W.&J. Graham's port, from Premium Port Wines, in a print campaign uses a handwritten message to show workers in the steep, terraced vineyards. The headline: "In the Duro Valley of Portugal, we have no need for Stairmasters."
The $300,000 campaign, from Butler, Shine & Stern, Sausalito, Calif.-tagged "Hand-picked, hand-crafted and handed down"-will run in Out, The Wine Spectator and The Wine Enthusiast, said Caddie Grenier, marketing manager for Premium Port Wines.
"Our target audience includes affluent, educated professionals and managers .*.*. who live in urban areas," said Ms. Grenier, and "our secondary target is the gay community, many of whom not only fit our primary target market but are very active in the on-premise restaurant industry, which wineries use to showcase their products and build their brands."
The U.S. port market has grown from 102,000 cases in 1991 to some 310,000 cases in 1996, with an additional 10% growth added in the first six months of this year.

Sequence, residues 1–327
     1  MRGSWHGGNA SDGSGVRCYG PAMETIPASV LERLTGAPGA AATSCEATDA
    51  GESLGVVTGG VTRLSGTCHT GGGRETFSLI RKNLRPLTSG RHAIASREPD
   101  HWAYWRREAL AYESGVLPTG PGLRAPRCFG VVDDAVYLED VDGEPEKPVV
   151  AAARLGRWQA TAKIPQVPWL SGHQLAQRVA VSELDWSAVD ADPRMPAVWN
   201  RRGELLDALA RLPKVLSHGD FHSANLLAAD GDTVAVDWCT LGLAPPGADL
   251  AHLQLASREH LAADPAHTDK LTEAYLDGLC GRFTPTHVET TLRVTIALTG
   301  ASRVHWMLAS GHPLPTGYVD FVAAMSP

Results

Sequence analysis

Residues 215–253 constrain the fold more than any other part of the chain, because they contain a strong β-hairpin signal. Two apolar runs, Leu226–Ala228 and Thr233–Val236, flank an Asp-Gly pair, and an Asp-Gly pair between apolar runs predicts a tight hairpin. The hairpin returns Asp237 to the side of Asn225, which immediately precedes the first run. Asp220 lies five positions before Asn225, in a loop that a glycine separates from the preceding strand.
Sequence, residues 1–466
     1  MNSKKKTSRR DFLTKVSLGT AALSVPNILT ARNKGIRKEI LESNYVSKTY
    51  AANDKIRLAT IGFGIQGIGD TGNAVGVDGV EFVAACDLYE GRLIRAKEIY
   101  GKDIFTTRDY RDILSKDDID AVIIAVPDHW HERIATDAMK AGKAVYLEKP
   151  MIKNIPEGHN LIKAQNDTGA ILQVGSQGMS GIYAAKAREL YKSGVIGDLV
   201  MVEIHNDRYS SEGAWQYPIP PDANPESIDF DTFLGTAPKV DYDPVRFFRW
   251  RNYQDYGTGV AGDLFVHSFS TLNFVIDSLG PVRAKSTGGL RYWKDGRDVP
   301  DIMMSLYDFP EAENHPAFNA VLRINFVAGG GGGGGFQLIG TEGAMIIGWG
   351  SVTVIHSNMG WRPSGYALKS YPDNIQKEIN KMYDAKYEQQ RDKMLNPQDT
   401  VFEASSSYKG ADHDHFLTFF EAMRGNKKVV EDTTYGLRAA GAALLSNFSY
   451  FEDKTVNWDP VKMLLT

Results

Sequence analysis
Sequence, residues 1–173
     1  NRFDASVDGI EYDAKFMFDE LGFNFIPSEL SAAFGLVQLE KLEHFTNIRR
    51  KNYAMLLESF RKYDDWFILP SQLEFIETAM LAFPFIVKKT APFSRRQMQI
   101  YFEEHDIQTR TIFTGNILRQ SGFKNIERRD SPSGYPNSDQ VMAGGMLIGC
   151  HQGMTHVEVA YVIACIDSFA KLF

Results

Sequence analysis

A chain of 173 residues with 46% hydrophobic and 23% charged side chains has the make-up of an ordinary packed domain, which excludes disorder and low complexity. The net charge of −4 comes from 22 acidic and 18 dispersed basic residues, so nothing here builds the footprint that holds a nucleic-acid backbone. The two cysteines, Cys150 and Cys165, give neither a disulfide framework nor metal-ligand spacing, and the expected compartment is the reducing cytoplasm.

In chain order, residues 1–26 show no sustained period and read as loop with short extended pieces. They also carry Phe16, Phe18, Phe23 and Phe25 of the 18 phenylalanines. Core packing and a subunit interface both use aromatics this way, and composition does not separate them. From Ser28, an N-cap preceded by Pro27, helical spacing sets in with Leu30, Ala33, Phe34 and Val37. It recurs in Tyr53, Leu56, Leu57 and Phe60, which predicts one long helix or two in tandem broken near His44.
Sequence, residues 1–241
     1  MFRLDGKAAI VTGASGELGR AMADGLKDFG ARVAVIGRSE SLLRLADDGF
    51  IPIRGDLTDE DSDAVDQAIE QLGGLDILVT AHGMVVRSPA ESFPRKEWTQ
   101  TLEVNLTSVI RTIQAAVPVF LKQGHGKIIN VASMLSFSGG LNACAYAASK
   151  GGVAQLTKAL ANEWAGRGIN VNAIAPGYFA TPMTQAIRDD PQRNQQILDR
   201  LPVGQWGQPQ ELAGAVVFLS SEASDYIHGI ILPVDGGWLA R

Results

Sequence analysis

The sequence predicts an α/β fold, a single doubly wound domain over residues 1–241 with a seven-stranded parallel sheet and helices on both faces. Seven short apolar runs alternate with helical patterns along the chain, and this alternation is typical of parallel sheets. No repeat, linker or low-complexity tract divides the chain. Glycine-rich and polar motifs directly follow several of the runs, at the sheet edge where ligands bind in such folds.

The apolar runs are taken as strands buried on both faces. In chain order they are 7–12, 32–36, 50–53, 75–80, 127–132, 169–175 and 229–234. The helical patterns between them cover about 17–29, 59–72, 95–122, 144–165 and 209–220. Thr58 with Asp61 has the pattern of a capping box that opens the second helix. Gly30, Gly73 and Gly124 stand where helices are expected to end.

"Port is a pretty hot item right now," said Ed Everett, a San Francisco wine industry consultant.
Port is "in tune with the American palate," said Sam Bronfman, president of Seagram Co.'s Chateau & Estate Wine Co. Unlike scotch, "You don't need to acquire a taste for it."
Seagram plans continued but limited marketing support for its Sandeman port, which advertises in food and wine magazines.
One possibility is a promotion involving cigar and port events, although "we're not interested in promoting cigars," Mr. Bronfman said. "We are very concerned about the health issues."